As you may know, I have wanted to be a baker for some time now. I have taken the Wilton classes and even the commercial baking class at the local community college. I strive to go to Johnson & Wales University in Rhode Island once I finish my degree at Fairleigh Dickinson University to get a degree in Baking & Pastry (I’ve already been accepted!). Recently, one of my yoga instructors had told me I should really try to start selling my cakes or get the word passed around (we all know that word of mouth advertising can be very beneficial). I took her advice and have had my first cake sale (and many since then!)! I must say that I was very pleased with the cake and how it turned out. So, since I was so pleased, I thought I would give you a few hints as to how to cover a cake with fondant (since I thought I did that pretty successfully this time).
This part can be the most stressful when decorating a cake because you never quite know how gravity will work and if the fondant will tear. Usually, if there is a tear or a problem area, that is where the back is or where the decorations go—it is funny how this is what is used to figure out the front and back of a cake!
You can find a video tutorial for covering cakes with fondant here: http://www.youtube.com/watch?v=vecmy4nKT-A
You can also read the Wilton tutorial: http://www.wilton.com/decorating/fondant/rolled-fondant.cfm
The Wilton way is slightly different than the demonstration in the video, so I will go into detail about that:
Note: Make sure that the frosting atop your cake is not fully crusted so that the fondant has something to stick to.
- Roll out fondant on “Fondant Fun” Wilton mat. Cover mat with vegetable shortening (like Crisco) to ensure that fondant does not stick. Make sure you cover more than necessary because I find that I always roll out more than I anticipate (and it is better to roll out a few inches more to give yourself some wiggle room).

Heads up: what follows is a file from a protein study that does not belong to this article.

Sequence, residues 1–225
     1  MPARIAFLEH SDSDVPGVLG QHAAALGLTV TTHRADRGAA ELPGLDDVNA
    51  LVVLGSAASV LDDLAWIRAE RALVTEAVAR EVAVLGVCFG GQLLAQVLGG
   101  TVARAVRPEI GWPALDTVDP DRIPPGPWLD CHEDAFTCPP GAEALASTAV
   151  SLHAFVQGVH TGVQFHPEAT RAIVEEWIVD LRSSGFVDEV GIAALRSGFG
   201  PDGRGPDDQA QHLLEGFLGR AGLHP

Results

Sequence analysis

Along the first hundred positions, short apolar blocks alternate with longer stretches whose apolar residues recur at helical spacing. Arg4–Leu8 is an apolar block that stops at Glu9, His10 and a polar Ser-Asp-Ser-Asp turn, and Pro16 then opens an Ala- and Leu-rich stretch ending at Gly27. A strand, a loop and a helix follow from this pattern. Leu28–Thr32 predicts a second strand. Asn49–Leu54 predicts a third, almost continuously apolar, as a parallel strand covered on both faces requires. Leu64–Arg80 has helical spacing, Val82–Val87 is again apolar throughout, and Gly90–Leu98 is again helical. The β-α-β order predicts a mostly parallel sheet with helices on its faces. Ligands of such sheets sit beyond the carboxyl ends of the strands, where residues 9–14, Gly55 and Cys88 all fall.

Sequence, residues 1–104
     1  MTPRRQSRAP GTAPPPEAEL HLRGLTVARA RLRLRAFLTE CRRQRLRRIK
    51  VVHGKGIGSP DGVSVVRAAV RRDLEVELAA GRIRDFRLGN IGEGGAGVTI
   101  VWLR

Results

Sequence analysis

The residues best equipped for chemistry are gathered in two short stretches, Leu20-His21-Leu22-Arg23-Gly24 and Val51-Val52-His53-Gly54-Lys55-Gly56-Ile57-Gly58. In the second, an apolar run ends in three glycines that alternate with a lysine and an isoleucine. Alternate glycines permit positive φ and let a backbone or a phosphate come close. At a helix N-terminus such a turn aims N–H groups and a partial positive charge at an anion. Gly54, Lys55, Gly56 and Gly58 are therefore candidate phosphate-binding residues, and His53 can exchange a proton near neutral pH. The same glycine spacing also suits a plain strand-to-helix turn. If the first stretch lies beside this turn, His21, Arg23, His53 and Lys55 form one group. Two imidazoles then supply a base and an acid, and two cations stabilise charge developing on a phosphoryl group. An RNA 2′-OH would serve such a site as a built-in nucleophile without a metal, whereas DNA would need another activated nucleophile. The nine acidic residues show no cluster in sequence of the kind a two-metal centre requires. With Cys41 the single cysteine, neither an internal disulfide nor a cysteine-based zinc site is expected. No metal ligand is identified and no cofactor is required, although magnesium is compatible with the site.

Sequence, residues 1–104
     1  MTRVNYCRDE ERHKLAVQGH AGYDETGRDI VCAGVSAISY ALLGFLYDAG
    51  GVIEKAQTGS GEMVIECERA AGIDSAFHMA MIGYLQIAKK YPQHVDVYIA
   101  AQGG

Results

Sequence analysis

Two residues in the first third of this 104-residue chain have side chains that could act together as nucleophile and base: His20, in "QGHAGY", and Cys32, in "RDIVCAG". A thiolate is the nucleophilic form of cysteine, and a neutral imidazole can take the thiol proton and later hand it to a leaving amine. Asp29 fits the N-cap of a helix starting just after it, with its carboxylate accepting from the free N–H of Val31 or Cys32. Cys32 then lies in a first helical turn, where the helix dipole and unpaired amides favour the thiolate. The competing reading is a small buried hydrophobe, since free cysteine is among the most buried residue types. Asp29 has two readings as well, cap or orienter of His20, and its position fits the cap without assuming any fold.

- Next, once the fondant is rolled to about a ¼ inch thickness, place your cake on a pedestal of sorts, I usually buy the big jar of Crisco, so this works nicely to set my 8-inch round cake on.
- Place the fondant over your cake—this is the scary part! Gently place it, don’t just plop it down.
- Make sure that all sides of the cake will be covered by fondant. If not, then gently move the fondant around until it fits perfectly.
- As in the video, use a fondant smoother to start smoothing out the sides GENTLY! (With placing the cake on a pedestal of sorts, it is easier for the excess fondant to fall rather than having it get bunched up on the sides or lie flat on a table.
- Start cutting excess fondant off the side of the cake. In Wilton we use a tapered spatula rather than a pizza cutter.
- Continue to smooth the fondant with the fondant smoother to ensure a nice even consistency atop the cake.
- Tada! You have covered your first round cake!
Since it is a bit more tricky to cover a square cake with fondant, you can view a tutorial here: http://www.youtube.com/watch?v=N5yrYZgIXr8